I switched a weekend volunteer shift in order to free up my Saturday, and it has helped tremendously. Now I have one day out of the week where I don’t feel to be somewhere at a given time and maybe can sleep in a little. I also created a set routine for the week: Mondays are my writing nights; Tuesdays are for the gym; Wednesdays are for Dean; Thursdays are my social nights; and Fridays are my “me” nights. While it’s subject to change, I at least know what’s in store every week.

    I Quit

    It sounds harsh, but I had to rethink some of my memberships and my involvement. While it’s unfortunate as I loved spending my time in the community, I had to weigh which organizations/projects were most important to me. I was fortunate enough to have their understanding and have the opportunity to give and support in other ways.

    I Have Dedicated “Me” Time

    As I mentioned earlier, my Friday nights are for unwinding. Usually people are out and about being social, but I like getting home at a reasonable hour to make dinner and unwind on the couch. By Friday, I’m usually exhausted from the week’s adventures. These couple of hours I spend on my couch or curled up in my bed set me up for a great weekend.

    I’m Practicing Self-Care

    Self-care means something different for everyone. For me, it’s my faith. I grew up in the church and in a very faithful home, so reconnecting with God has helped me feel lighter and better. I also have been making the effort to stop feeling guilty for saying “no” to people or feeling like a failure for not being able to do it all. Alas, I am human and I cannot do it all. Without the guilt, it’s been so much easier to do the things I enjoy and want to do, even if it is just spending a night in watching a movie.

    While I haven’t 100 percent mastered the art of balance, I’ve gotten to a great start! How do you balance the buckets of life? Any tips?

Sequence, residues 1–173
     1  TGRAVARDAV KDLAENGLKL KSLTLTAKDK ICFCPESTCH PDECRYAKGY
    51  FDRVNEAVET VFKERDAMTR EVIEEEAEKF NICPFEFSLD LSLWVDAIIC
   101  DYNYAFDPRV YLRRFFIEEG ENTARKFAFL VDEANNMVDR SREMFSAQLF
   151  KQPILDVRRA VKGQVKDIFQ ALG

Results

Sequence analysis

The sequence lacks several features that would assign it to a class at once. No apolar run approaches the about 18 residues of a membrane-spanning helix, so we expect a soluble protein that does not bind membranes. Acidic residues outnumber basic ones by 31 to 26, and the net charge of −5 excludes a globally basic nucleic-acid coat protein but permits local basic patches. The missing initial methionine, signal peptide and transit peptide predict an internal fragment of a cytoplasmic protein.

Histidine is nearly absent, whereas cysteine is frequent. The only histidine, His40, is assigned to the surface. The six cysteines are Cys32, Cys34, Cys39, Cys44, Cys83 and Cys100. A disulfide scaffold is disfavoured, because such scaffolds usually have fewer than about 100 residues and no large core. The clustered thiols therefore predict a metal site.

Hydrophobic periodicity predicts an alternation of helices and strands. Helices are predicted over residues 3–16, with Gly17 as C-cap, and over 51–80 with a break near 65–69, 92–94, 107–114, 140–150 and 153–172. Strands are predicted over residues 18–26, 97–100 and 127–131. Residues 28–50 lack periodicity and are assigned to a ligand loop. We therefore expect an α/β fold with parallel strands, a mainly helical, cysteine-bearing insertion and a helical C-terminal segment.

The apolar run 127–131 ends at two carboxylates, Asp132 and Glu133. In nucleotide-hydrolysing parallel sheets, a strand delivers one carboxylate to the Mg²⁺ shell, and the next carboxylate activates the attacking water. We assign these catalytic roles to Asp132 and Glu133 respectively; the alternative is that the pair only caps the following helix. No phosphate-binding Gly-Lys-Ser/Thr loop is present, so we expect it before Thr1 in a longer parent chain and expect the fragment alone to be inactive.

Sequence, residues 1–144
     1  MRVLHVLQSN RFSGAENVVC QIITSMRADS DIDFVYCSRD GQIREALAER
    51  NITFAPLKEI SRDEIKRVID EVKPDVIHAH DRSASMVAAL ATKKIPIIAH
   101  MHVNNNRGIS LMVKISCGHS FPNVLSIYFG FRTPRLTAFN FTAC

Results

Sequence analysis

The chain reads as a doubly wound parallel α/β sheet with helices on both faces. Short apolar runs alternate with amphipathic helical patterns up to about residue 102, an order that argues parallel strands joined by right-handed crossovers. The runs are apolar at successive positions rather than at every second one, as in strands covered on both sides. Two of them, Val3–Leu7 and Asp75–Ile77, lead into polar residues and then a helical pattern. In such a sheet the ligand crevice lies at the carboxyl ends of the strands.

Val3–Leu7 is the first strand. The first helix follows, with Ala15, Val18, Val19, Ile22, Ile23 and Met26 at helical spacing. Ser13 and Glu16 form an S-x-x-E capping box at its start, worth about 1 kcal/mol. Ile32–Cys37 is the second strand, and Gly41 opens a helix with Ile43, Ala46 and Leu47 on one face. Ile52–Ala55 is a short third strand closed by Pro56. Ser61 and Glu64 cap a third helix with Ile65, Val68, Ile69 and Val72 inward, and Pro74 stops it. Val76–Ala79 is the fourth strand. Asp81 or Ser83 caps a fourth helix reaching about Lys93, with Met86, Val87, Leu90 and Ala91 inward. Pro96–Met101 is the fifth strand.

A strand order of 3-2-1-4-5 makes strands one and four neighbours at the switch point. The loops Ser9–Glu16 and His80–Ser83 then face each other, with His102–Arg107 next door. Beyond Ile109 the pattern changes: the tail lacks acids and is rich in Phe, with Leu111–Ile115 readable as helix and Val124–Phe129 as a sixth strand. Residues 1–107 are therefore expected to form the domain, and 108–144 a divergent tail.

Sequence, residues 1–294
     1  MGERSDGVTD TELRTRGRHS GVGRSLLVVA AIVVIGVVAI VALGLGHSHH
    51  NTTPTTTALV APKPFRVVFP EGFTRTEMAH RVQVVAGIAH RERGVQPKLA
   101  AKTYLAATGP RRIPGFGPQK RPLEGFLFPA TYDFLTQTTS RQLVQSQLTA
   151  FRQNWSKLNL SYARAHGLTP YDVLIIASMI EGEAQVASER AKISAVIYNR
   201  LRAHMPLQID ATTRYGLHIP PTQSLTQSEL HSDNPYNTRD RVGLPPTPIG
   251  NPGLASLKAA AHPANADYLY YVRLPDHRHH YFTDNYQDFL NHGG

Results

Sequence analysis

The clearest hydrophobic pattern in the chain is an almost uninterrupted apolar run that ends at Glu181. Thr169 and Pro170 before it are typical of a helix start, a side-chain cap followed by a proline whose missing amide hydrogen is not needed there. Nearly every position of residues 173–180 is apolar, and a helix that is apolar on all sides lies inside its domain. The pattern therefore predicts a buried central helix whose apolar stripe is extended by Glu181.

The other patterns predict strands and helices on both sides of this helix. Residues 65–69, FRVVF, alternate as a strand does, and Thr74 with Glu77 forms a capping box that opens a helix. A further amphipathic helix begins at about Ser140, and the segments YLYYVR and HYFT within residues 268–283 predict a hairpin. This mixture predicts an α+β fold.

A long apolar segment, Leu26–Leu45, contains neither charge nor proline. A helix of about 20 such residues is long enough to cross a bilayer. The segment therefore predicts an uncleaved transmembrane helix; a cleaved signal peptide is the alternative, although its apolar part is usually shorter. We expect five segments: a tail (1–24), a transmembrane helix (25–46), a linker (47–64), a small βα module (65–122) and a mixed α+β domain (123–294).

On Discovering Your Own Version of ‘Glam’

    Earlier this summer, I was prepping for one of my first new business meetings at my agency. In these meetings, we meet with potential clients and try to sell them on our work.

    Every business has a different business development strategy.

    Some spend hours sifting through public and highly-competitive RFPs,RFIs, CFPs.. you name it. Some rely solely on relationships they have cultivated over time and others do a mix of both. The process can be very rigid or fluid, and I’ve seen it done both ways.

    After a solid week of research, analyzing their current strategy and re-reading our written proposal, it was the day before our meeting. My boss (who successfully started the agency prior to our combination and is probably the best boss I’ve had) came up to me at the end of the day saying, “No need to look fancy, but wear whatever you’re comfortable in for our meeting tomorrow.

    In college, we were required to wear business attire every time we had to give a presentation to the class. When I got my first job, my mom took me shopping for work attire (similar to back-to-school shopping). It has always been stressed to us that we need to look our absolute best to feel our best and make a good impression. So, for my boss — the successful business man that he is — to say no need to look fancy for a meeting that could win the company money was really interesting.

    Our car ride together sparked the conversation of attire in our industry, how to dress and personal style.

    You see, my boss wears shorts. Even in the dead of New England winter. He loves his t-shirts, too. For some of the important meetings, he will wear a button-down and jeans. Why? Because that is what makes him feel his best and most confident. “If someone doesn’t like the way I dress or the way I behave, then they aren’t for me. That’s okay – I’m not everyone’s cup of tea,” he said… well along those lines. And it made so much sense. He was right.

    We have put so much emphasis on the way we dress, style our hair and makeup, that we have become so superficial and hold people to a sometimes unattainable standard.

    Last weekend, I spent some time with one of my roommate’s friends. Having just met her, she tried to dress me and mold me into an image similar to hers. Our styles are vastly different and naturally, she didn’t know that. By trying to keep up and sort of take her advice, I took a look in the mirror and felt very uncomfortable. It wasn’t me. I changed back into my comfortable flats and colorful wrap/shawl and felt much better.

    What works for her didn’t work for me. What works for CEO of XYZ doesn’t work for my boss. Makeup doesn’t work for Alicia Keys, while others don’t leave the house without it. We are all different humans, bodies, faces and minds. It’s important to stay true to yourself and create your own personal version of “Glam“.

    For me, my glam (or “Slam”) is flats, cropped pants, a blouse with a statement necklace.

    For others, it’s a dress with heels or an outfit you wear to yoga.

    As I’ve grown as an individual, I’ve learned to stop giving myself so much grief on my style, my clothes, the way I look, etc. Life is too short to spend your time crying over trying to keep up with the Joneses. You look your best when you feel your best.

    What’s your version of Glam?